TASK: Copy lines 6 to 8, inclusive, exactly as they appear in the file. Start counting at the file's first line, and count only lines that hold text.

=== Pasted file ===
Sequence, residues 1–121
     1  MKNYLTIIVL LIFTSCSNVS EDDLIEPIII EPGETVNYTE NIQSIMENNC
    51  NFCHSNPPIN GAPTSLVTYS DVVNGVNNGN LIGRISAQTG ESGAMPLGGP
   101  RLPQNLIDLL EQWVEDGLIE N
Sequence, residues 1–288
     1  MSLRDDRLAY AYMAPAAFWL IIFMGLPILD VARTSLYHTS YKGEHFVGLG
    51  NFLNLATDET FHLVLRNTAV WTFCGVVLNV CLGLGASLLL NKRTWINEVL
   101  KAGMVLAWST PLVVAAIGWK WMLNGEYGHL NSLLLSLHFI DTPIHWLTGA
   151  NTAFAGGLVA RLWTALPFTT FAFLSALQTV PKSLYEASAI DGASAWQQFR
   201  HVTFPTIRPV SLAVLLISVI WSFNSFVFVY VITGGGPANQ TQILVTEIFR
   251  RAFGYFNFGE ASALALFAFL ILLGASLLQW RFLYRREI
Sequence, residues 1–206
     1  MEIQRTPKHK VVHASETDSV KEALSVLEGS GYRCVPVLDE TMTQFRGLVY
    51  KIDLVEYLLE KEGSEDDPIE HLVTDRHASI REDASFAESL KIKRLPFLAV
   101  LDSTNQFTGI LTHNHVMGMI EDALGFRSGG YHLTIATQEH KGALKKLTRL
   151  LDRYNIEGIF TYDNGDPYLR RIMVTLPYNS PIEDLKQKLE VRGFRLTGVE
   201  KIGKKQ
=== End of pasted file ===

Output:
     1  MSLRDDRLAY AYMAPAAFWL IIFMGLPILD VARTSLYHTS YKGEHFVGLG
    51  NFLNLATDET FHLVLRNTAV WTFCGVVLNV CLGLGASLLL NKRTWINEVL
   101  KAGMVLAWST PLVVAAIGWK WMLNGEYGHL NSLLLSLHFI DTPIHWLTGA